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Ballerina’s Life MAG
I wanted to be that girl, decked out in a froth of glittering feathers, plaited and leaf-like under the harsh grate of a spotlight. Confident and utterly delicate as she glides with the inhuman grace of a winged sprite. Lovely and delicate and brimming with untold whispers and flawlessly poised grace: an ethereal being, rising above the sweat-beaten toils of the rest of us. No fears, no pain, no scars. The soft glint of satin, sliding into an effortless position that manages to seem both natural and unachievable.
As in, yes, I can do this, but don’t think you can too. But then there are those dancers, with such a combination of posture and musicality and attitude, with that ability to mesmerize a full house. The ones who can bring their legs to their ears, land a silent jeté, float their pirouettes, and understand the artistry of choreography without a glance in the polished mirrors. But that awe can only last on one side of the curtain. When you’re in, the view is invariably distorted.
Because the truth is, when the ballerina steps onto a stage, heated with the glow of the spotlight, there is fear. There is always fear. No matter the dancer, the soft clumping of her steadiest shoes, the elongation of rigid muscle, there is always fear. This is the culmination of sweat and frustration and countless hours, countless classes, innumerable effort. Every toenail lost, every body part bruised, constant rehearsing and marking and practicing, all for that heart-throbbing ache, the tightening of the spine, that palpable thrill. A slight tremor, the lazy attentiveness of the audience, the rolling of a curtain. That’s what she lives for, what we live for, from that first step to the curtain call, to the cacophony of applause and “Brava!”
And of course, she’s exceedingly aware of herself, her body and her smile. It is often mistaken as conceit. But her skin, her flesh and bones, her arched feet and stretched hands. They are everything. Her life, her fixation. It’s her privilege and her wish to glare at herself in the unforgiving reflection of a cool-headed mirror. That painted smile, the austere consciousness.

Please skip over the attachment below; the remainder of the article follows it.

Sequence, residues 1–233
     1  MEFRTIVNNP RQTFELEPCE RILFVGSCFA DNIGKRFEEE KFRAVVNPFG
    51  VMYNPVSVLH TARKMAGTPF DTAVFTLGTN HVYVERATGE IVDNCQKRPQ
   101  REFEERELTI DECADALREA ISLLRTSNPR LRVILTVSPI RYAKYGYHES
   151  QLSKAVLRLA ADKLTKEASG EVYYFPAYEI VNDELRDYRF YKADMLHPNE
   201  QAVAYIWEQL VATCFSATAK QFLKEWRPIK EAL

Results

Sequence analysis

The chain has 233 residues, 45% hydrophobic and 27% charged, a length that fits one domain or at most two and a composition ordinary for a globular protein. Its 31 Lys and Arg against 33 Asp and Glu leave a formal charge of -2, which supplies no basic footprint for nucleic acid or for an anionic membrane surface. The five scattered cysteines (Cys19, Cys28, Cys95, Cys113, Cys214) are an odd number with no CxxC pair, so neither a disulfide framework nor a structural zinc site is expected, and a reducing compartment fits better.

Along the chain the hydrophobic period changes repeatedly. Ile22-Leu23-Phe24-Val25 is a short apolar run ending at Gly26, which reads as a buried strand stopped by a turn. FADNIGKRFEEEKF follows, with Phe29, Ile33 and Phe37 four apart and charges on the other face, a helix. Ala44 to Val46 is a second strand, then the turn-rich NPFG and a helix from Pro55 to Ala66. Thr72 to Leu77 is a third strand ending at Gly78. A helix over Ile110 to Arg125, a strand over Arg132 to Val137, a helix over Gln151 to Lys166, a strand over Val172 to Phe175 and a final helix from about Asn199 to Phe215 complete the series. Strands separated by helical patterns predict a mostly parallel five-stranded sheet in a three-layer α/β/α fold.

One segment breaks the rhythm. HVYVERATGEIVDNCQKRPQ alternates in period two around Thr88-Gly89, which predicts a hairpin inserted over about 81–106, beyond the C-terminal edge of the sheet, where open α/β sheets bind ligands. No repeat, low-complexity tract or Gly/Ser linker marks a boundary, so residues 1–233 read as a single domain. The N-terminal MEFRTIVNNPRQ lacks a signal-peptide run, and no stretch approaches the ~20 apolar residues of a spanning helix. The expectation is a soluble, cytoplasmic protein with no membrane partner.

We live for that quiet tension. We live for the pain and the work. We live to be a part of that world, no matter how insignificant, to be just the slightest sliver in an achingly exclusive universe. Wake. Stretch. Class. Rehearsal, the shadowed panes of “Swan Lake” looming before us, ready to make us suffer and swivel and exult for an unappreciative generation. Stretch. Eat (lightly). Bed (early). Wake (early). Until our tragic and perhaps inevitable descent into pain and the scathing temper of age.
That’s what ballet is. Once you make it in, there is no backing out. Because there’s that sugar-sweet carrot dangling before you, the too-close-to-see possibility that you will live long enough and work hard enough to be that aforementioned ballerina, the one who can drown herself in that pleasant fear, in the breathlessness and beauty of it. She can dip and twirl and bellow in the glaze of glory. She procures for herself what almost nobody can, and once you know this is even remotely possible, you will crave it too. And so you, me, we never stop working. Ever. Finding your balance, getting on your leg, trying for that triple. Pushing your legs just an inch higher, just a bit farther and longer and higher and better and straighter and more turned out.
It is infinite: something that never truly leaves a body. And when you dance, you can go on without a stop or start, you can dance anywhere and somewhere and everywhere.
Ballet is life, a constant war, and its artists are compatriots. Your toes are whiny little beasts that demand to be petted and beaten and tranquilized.
I used to have a teacher who would use his cigarette lighter in class, and hold it beneath our trembling, airborn legs. “Higher, higher,” he would shriek with that thin, effeminate voice, and that sweaty Cuban accent that seemed to match his mustache and slick wooden cane.
If our legs dropped just an inch, we would have burned. I could practically feel the heat peeling away my tights when he set that lighter beneath my arabesque leg, lifting his hand a centimeter at a time, watching with fascination as my leg lifted with it, magnetically repulsed. I was afraid of being burned.
I think I was eight years old. After class, an older girl sniffed at me and said, “It is just a bluff. If you lowered your leg, he would have moved the lighter away.”
“Stop crying. You won’t get burned in ballet, okay?”
She was wrong. You can get burned, and sometimes, they gorge scars that won’t ever disappear. But I think I am okay with that. Expect it, perhaps. But I really remember crying when I saw that lighter flicker, in out, in out. Ready to bring us all to ashes. Perhaps not me, though, which was the worst part of all. The burn demands a victim, and no one knows who will be caught next.
It seems we are mere mockeries of our own rusted blood and pale sweat.
And we love it.
The dancers will dance.